2. Coworking gives you a flexible and cost-effective solution

A traditional office space rental can be the solution your startup needs, but they generally require a long-term financial commitment.

However, coworking frees your startup to be nimble as it grows and changes.

You can use the space as and when you need to on a day-to-day or month-to-month basis. You can rent meeting rooms as and when you need to. You will not be tied into paying rent for months at a time.

Coworking is also generally a cheaper option than an office rental. For example, if you wanted to work in the Manhattan area of New York, you could rent a shared desk for just $25/day or $250/month; or a dedicated desk is $400/month at a coworking space. Office rents come in at least $1,000/month (depending on the size of office and amenities you need) and come with fixed terms of at least six months in the same area.

3. You will network on a whole new level

Coworking spaces are used by a community of freelancers, entrepreneurs, and small businesses, so there are plenty of networking opportunities with people who are also trying to build a business.

Dossey said: “What I love about coworking is the access to all the experiences other companies are having. Being an entrepreneur is a learning curve and the speed of your success is limited to the speed you can learn about starting and running a successful venture. Having access to other people to communicate my day-to-day challenges with has been vital to our growth.”

Coworking spaces often encourage inter-community relationships where chats over the water cooler can quickly turn into work exchanges or budding partnerships. If, for example, you’re a tech startup and need someone to help you write a killer press release, you’ll probably find a writer at a coworking space who’ll fit the bill.

“The Farm [coworking space] has and always will be a life changing-experience for me,” says Dossey. “Being in the space with all the other entrepreneurs has given me a level of exposure and insight that would have normally taken years to develop. Through my conversations with other members about topics like sales strategies and hiring, I have been able to grow my company into a profitable and rapidly-growing venture.”

Some coworking spaces double up as event venues and offer their communities a range of ways to meet fellow coworkers and the wider business community. Whether it’s a few free beers on a Friday, a yoga class, a simple lunch and learn session, a high-profile product launch, or a symposium offering training on a new range of skills for your business, you may get the chance to learn something new and meet new people.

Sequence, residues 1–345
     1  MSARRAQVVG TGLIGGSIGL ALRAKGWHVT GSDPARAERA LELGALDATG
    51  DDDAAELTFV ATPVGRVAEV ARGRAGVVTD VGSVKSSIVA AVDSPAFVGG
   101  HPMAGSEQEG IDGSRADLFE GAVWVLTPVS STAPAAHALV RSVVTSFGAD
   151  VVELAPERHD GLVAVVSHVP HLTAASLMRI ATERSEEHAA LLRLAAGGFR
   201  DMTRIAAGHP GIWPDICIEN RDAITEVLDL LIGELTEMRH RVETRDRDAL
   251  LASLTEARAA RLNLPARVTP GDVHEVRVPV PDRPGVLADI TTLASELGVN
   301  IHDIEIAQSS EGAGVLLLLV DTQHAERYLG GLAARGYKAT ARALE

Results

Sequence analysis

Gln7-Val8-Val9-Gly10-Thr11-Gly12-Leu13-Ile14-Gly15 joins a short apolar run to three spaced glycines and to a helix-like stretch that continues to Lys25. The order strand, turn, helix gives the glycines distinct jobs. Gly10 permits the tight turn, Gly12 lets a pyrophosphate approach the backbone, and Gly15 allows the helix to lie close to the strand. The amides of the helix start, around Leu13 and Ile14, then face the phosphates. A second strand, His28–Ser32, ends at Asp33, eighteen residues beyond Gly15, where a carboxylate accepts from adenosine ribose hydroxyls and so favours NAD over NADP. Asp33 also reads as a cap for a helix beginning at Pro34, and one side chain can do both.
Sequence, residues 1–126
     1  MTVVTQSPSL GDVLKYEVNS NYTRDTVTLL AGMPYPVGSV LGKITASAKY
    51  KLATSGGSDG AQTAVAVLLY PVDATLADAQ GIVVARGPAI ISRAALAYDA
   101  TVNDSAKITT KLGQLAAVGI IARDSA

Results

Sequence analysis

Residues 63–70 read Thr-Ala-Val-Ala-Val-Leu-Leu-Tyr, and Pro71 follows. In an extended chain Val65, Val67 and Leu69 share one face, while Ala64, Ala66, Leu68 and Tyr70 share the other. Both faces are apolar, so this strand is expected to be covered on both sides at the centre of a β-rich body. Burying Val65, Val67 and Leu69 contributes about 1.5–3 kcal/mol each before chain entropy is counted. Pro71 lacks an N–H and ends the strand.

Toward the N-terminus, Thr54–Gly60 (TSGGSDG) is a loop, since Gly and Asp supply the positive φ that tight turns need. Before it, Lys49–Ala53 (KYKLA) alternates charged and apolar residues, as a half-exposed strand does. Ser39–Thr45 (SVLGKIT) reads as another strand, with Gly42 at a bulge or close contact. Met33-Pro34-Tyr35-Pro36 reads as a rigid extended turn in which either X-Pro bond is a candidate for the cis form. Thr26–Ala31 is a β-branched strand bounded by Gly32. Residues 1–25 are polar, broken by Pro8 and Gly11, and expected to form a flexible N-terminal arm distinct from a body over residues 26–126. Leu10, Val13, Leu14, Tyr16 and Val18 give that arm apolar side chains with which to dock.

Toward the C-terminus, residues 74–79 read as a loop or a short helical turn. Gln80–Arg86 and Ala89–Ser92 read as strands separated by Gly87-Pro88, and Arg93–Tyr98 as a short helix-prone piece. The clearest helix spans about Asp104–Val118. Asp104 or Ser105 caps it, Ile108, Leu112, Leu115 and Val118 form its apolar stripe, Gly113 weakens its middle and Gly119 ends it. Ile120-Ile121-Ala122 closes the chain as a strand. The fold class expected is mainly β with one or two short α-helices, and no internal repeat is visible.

Many spaces also encourage their members to host events to showcase skills and market their business. Such events are often promoted by the space, and in some cases, you’ll have experienced community managers on hand to help you with everything you’ll need to run a successful event.

4. There’s plenty of business-based advice available

A coworking space can present a perfect opportunity to get advice on your startup. First, you have access to a community of coworkers with varied experiences and skills that can help you frame a particularly tricky problem. Second, many spaces are run by a team of enthusiastic managers who can point you in the right direction, offer some advice, or help you think through logistics.

Some coworking spaces are also set up as accelerators and incubators; an incubator specializes in growing new and early-stage business and an accelerator offers rapid-growth tools for more established businesses. Both can be resources for information on how to grow your business, depending on your startup’s development stage and needs—whether it’s applying for funding or finding a mentor.

5. A coworking space will grow as your business grows

Another benefit of the flexibility of a coworking space is that you can scale up as and when you need to.

Whether you suddenly need more facilities to match a peak in demand or to employ more staff to help you during busy times, it’s likely that a coworking space can be more nimble and flexible than a traditional office rental situation.

Plus, your employees will thrive in a coworking environment. Research reveals that coworkers feel they have more control over their work, that their work is more meaningful, and they value the community element of coworking.

Why People Thrive in Coworking Spaces

By | Business, Industry

“Spending time away from the office at a coworking space can also spark new ideas”